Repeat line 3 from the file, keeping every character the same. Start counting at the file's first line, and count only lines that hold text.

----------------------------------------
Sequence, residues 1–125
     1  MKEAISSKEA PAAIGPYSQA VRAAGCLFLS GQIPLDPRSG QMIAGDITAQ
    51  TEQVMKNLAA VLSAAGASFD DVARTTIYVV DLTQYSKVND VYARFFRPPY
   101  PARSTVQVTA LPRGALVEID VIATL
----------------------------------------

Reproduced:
    51  TEQVMKNLAA VLSAAGASFD DVARTTIYVV DLTQYSKVND VYARFFRPPY